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knowbotiq: thulhu thu thu, before the sun harms you

12 October 2019 to 16 February 2020

thulhu thu thu, before the sun harms you considers the necropolitical landscape of the Flow Country [1], an ostensibly natural territory composed from a subterranean molecular system which circulates decay and energy across geological epochs. The bog lands are unearthly territories to imagine and speculate on future extinction and the limits of the planet, where the ghosts of the white Anthropocene  – land grabs, dispossession, forced migration, corporate extraction, environmental poisoning – are preserved in deep time and rendered inhuman materialities of the earth.

The bogs register and cannibalise the sedate and rapid transformations of local and planetary systems – the Clearances[2], environmental violence, scars of peat cuttings, abuse of corpses, reverberations of racialised and colonial violence and precisely dated traces of nuclear particles. volcanic ash and acid rain – while the metabolic processes of the sphagnum mosses[3] continually process parallel forms of induced living and dying to recite ancient geohistorical matter and disturb time.

The Highland landscape is a critical zone of capitalist modernism which has memorialised the ‘developmental’ logic of neocolonialism and continues its language of growth, extraction, exploitation and profit accumulation; a space-port is being built to launch satellites from North Sutherland; oversized switched-off wind farms generate lucrative returns for landowners; the powerful economic body of the white Scottish ancestry industry encourages a cleansing of Scotland’s imperial history and mandatory policies sanction forced migration from socially disadvantaged urban areas. thulu thu thu, before the sun harms you confronts the inadequacy and injustices of the Anthropocene[4] model, which collapses the whole of humanity’s intervention in the environment into an indivisible monolith, dislocating it from the asymmetric violence and impact of racialised capitalism.

..Whiteness became established as a right to geography, to take place, to traverse the globe and to extract from cultural, corporeal, and material registers, – while other bodies had to absorb the excess of that surplus as toxicity, pollution, and intensification of storms. Again, and again..

(A Billion Black Anthropocenes or None, Kathryn Yusoff)

thulhu thu thu, before the sun harms you is stage one of a long-term collaborative project, which overtime will build a collective network of participants and organisations from a diversity of disciplines, practices and geographies.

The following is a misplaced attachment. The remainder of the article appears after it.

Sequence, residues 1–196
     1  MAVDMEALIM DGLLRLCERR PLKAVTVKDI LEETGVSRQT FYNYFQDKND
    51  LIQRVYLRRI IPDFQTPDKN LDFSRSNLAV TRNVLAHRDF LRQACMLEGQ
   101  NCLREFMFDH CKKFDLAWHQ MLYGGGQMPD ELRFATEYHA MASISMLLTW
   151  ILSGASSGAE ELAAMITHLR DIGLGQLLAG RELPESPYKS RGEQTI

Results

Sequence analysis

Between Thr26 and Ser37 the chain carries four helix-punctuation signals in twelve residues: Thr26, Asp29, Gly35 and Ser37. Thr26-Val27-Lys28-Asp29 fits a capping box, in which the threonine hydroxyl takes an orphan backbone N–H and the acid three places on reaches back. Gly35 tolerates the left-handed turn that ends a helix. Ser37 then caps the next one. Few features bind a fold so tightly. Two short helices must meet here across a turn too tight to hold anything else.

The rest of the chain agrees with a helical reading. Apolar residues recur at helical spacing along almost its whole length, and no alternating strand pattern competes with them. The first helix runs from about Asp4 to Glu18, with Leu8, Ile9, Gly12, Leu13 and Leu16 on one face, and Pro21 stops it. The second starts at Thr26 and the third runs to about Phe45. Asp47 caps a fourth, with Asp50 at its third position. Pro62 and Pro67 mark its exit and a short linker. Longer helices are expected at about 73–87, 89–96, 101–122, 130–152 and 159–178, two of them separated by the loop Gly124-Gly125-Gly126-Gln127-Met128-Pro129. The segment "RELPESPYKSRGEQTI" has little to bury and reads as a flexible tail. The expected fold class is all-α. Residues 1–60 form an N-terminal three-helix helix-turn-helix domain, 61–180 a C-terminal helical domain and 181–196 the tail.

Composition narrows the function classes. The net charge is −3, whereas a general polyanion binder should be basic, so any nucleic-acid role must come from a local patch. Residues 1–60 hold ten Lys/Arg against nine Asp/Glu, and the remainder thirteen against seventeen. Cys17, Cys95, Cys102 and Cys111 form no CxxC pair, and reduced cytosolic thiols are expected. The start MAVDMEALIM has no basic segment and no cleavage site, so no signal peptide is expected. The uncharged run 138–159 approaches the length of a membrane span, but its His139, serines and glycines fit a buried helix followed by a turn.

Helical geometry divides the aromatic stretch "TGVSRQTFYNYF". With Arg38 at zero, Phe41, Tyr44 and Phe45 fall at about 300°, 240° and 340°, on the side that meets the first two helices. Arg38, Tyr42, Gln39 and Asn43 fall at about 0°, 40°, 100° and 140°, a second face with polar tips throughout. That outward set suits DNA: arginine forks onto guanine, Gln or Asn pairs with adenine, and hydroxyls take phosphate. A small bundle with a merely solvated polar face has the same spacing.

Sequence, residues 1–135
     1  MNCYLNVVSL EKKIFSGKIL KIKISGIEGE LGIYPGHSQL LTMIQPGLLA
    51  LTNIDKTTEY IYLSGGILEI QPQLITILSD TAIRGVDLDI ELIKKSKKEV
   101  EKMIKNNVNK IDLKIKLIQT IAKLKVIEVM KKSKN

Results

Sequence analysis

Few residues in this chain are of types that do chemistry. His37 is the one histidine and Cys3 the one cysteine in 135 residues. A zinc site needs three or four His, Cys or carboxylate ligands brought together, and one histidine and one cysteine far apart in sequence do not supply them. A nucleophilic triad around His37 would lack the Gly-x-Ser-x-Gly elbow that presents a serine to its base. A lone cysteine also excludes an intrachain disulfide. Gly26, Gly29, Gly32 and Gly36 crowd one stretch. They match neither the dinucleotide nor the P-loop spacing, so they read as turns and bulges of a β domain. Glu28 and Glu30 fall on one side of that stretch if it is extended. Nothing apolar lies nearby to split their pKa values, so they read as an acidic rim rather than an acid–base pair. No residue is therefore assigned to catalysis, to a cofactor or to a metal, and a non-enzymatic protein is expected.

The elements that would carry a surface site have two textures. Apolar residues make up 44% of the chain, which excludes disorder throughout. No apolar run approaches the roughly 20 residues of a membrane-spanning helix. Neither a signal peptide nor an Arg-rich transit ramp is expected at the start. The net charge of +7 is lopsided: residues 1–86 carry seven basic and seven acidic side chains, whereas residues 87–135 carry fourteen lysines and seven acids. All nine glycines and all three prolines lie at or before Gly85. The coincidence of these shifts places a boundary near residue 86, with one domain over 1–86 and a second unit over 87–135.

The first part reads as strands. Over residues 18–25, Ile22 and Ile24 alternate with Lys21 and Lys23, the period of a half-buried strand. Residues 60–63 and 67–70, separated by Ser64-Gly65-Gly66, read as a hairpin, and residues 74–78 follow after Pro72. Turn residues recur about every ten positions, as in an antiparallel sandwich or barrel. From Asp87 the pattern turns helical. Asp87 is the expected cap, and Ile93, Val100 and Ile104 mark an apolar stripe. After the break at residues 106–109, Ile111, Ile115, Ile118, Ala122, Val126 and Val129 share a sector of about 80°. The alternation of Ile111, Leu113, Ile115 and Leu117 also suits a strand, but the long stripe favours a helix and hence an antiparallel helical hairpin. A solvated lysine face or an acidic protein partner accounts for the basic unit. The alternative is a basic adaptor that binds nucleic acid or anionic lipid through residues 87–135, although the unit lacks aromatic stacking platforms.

During stage one, knowbotiq will produce a formless, anonymised and undefined object out of collectively braided raffia fibres in collaboration with Ira Wilhelm and Pablo Alarcón. Through a series of community workshops[5] with friends, guests, sentients of the bogs, the undefined will be contaminated by multiplying knowledges and practices. It will be moved anonymised and collective, in collaboration with performer Ashanti Harris through local zones: the surveillance technology stations at the restoration zone of the carbon sink bogs; the petropolitical and military space port site; the denuclearisation zone and the renewable energy production zone of the wind farm. The undefined will dis/assemble bodies and traces of the soil; it will invent intimacies and gestures of care towards the subterranean and transgress translocal relations. The grammar of the zones will be transcribed through anonymised coordinated action, crystallising their form into the material and movement.

The collective coordinated and opaque movements will be triggered and led by various incantations, a fractured series of sounds, songs, readings and technocosmologies which respond to the politics of the Anthropocene. Sound artist Lamin Fofana, artist and researcher Ayesha Hameed, political activist and publisher Eric Huntley, artist and writer Pedro Neves Marques in collaboration with musician Raw Forest, research collective and activists Casa Wontanara, dj Odete, performance artist Romy Rüegger; `some kind of artist working on some kind of nature` Tejal Shah; poet and performer Belinda Zhawi, and others were commissioned to produce contributions and share their explorations and poetic affectations on geographies of the Anthropocene.

thulhu thu thu, before the sun harms you disturbs the white jurisdiction of the planet and will search for and cohabit different imaginaries to experience the political, biophysical, socio-cultural and economic dimensions of nature.

[1] A vast expanse of peatland blanket bog which is the largest in Europe and intensively protected as an important carbon sink in the fight against climate change. Large parts of the landscape are currently being “re- and denaturalized”, molecularly “repaired”, “restored” and “conserved”.

[2] During the C18th and C19th Highland Clearances, feudal landlords, enriched from their profits from colonial plantations, forced crofters off their land to move to newly built fishing villages or emigrate to the colonies in Guyana, Jamaica, India and Canada. Large moorland areas were drained, afforested and converted into sheep grazing and deer stalking territories.

[3] Sphagnum mosses carpet the bogs and play a vital role in forming the peat. They conserve water and nutrients and over thousands of years, layers of dead sphagnum build up to form peat.

[4] The Anthropocene is the current geological age, a period in which human activity has had the biggest impact on the environment and climate.

[5] ecologists, djs, historians, nuclear-physicists,  dancers and anthropologists


The research and development of this project has been generously supported by historian David Alston; Roxane Andersen and Dave Braidwood, Environmental Research Institute, nuclear engineer John Whitfield and The Flows to the Future team.


Molecular Intimacies Symposium programme